Krezinski v. Hay

Annotate this Case

77 Wis. 2d 569 (1977)

253 N.W.2d 522

KREZINSKI, Plaintiff-Appellant, v. HAY, and another, Defendants-Respondents.

No. 75-295.

Supreme Court of Wisconsin.

Argued December 1, 1976.

Decided May 17, 1977.

*570 For the appellant there were briefs by Foley & Capwell, S. C. and oral argument by John Theiler Bode, all of Racine.

For the respondents there was a brief by C. James Heft and Heft, Dye, Heft & Paulson, and oral argument by C. James Heft, all of Racine.


The question in this action for damages for personal injury is whether Judith A. Krezinski (plaintiff) presented sufficient facts in opposition to Izetta L. Hay's and Milwaukee Mutual Insurance Company's (defendants) motion for summary judgment based on a release, to raise a triable issue of fact as to whether such *571 release executed by the plaintiff was the result of mutual mistake and hence voidable.


We hold based on this court's ruling in the case of Doyle v. Teasdale, 263 Wis. 328, 336, 57 N.W.2d 381 (1953) that an issue of fact is presented as to whether or not the release, admittedly signed by the plaintiff prior to bringing this action was the result of a mutual mistake of fact on the part of the plaintiff, the examining physician and the defendants.

The plaintiff brought action against Ms. Izetta Hay and her insurer for damages resulting from Ms. Hay's negligent operation of her automobile on State Trunk Highway 31 in Racine county on September 28, 1963. According to the complaint, the plaintiff was driving north on the highway when the defendant negligently drove her car onto the highway from a driveway causing the two automobiles to collide. The plaintiff alleged that she sustained injuries, "among others, traumatic epilepsy, contusions to scalpoccipito parietal area, cervical sprain and right dorsal myositis; numerous other abrasions, contusions and lacerations; severe pain and suffering, shock and mental anguish."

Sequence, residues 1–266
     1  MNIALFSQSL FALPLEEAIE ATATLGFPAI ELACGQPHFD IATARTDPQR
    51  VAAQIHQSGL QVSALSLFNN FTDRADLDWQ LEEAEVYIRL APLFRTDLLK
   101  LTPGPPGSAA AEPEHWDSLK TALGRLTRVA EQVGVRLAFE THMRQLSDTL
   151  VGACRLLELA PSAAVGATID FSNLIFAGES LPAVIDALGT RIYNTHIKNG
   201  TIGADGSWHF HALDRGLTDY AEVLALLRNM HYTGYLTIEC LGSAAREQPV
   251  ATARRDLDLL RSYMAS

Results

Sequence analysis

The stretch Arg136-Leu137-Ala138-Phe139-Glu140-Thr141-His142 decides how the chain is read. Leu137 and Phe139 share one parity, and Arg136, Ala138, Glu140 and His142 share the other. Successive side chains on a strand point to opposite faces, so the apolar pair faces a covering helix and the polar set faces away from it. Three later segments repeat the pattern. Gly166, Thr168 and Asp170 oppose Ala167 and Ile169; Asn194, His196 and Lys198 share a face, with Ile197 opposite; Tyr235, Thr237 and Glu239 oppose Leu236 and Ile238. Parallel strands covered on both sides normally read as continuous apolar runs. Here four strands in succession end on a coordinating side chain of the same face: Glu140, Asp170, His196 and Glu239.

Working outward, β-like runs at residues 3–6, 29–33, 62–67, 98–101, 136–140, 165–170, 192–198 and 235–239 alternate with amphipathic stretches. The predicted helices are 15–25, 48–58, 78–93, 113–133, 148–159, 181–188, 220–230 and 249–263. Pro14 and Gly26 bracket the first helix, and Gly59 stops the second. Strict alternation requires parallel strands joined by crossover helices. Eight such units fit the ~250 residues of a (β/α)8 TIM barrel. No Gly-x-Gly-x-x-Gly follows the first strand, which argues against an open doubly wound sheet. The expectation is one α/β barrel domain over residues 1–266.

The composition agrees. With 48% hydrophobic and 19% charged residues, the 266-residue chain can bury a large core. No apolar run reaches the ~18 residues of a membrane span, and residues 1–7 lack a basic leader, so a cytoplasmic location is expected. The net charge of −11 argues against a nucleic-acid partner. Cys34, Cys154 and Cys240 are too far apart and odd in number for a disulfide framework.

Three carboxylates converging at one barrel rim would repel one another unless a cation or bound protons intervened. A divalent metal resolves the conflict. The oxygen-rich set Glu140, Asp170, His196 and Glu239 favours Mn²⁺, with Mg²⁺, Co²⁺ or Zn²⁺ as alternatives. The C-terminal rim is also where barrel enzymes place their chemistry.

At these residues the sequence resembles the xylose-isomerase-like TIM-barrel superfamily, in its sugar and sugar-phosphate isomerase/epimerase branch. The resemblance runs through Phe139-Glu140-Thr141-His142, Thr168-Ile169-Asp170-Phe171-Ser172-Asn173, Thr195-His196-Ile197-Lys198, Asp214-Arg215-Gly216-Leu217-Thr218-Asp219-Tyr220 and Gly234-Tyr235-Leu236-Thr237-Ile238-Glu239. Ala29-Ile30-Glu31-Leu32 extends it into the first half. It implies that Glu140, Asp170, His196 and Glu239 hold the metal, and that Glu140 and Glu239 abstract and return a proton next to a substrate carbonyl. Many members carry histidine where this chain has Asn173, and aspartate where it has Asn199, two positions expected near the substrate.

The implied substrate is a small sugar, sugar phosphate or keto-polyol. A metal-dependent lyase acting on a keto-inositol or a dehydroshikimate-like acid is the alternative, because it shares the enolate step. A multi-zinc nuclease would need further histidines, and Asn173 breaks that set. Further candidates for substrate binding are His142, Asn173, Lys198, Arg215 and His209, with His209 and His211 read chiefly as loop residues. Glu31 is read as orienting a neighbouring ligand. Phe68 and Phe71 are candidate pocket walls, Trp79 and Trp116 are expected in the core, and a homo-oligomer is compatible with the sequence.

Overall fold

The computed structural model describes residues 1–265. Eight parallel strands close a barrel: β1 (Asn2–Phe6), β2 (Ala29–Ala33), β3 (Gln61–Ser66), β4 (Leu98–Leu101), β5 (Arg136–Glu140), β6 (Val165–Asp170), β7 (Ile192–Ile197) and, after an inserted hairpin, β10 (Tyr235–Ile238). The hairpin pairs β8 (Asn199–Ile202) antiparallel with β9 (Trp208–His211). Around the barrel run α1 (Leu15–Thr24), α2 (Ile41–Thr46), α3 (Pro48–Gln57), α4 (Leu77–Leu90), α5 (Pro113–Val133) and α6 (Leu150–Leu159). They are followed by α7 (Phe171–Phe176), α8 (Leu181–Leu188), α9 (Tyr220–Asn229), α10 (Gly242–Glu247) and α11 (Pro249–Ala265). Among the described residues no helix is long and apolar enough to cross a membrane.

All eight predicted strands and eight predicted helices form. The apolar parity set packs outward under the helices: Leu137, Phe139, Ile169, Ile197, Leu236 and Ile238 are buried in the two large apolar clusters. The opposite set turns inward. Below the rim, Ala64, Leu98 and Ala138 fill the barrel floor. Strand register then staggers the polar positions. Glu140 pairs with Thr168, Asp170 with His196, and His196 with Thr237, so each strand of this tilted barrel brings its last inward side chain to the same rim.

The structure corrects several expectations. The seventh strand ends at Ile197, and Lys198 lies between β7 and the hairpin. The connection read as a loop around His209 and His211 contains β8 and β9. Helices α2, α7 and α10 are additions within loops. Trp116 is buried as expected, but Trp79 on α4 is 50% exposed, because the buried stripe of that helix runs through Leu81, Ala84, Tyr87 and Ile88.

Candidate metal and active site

The defendants' answer denied negligent conduct and set forth various affirmative defenses, among which was that on September 5, 1969, the plaintiff, while represented by counsel, executed a release of all claims against the defendants, "in any way growing out of, any and all known and unknown personal injuries, developed or undeveloped, including death and property damage resulting or to result from an accident that occurred on or about the 28th day of September, 1968." The agreement acknowledged receipt by plaintiff of $2,300 as consideration for the release.

The plaintiff filed a reply admitting execution of the release but alleging she and the defendants relied and *572 acted upon a mutual mistake of fact. That mistake was their ignorance the plaintiff was suffering from a latent but present condition as a result of the accident which later manifested itself by grand mal epileptic seizures. This epileptic condition was not observed by plaintiff's physician prior to execution of the release.

The defendant moved for summary judgment on November 11, 1974. Affidavits in support of and opposition to the motion were filed. These affidavits set forth the plaintiff's medical history both before and after the collision. The trial court filed a memorandum decision in favor of the defendants on April 24, 1975 and summary judgment in favor of the defendants was entered May 16, 1975.


The rules concerning disposition of motions for summary judgment were recently stated in College Mobile Home Park & Sales v. Hoffmann, 72 Wis. 2d 514, 521, 241 N.W.2d 174 (1976) as follows:

". . . Summary judgment is proper only where there is no material issue of fact and the question presented is solely one of law. If there is a dispute as to the material facts, if different inferences might be drawn from the facts, or if the application of the controlling law to the facts is uncertain, summary judgment should not be granted."

The detailed procedure to be followed by the trial court in such a case is also well established.